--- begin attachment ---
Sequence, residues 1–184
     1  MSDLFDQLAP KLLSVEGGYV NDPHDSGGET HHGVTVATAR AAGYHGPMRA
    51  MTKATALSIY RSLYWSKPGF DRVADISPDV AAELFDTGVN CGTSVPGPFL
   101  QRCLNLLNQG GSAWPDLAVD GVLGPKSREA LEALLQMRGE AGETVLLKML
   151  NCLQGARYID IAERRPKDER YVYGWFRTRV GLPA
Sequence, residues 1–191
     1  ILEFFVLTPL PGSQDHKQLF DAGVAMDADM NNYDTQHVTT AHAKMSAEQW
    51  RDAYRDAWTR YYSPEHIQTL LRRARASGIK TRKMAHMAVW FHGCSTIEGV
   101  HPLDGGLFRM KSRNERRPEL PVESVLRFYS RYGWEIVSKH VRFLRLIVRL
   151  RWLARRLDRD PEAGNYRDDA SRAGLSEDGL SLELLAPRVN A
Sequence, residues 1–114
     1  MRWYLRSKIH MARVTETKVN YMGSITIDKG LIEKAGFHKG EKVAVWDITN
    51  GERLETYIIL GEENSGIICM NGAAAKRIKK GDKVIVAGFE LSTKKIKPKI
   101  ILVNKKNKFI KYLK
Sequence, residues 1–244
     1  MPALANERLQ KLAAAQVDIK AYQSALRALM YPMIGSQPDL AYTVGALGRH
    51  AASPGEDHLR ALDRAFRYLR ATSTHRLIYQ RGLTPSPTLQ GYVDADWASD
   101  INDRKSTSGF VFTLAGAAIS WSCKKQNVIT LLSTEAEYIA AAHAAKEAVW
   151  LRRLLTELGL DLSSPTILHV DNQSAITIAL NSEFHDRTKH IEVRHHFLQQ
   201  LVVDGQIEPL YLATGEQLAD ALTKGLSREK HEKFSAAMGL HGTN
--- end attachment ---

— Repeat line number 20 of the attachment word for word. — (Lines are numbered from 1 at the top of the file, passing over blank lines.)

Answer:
   201  LVVDGQIEPL YLATGEQLAD ALTKGLSREK HEKFSAAMGL HGTN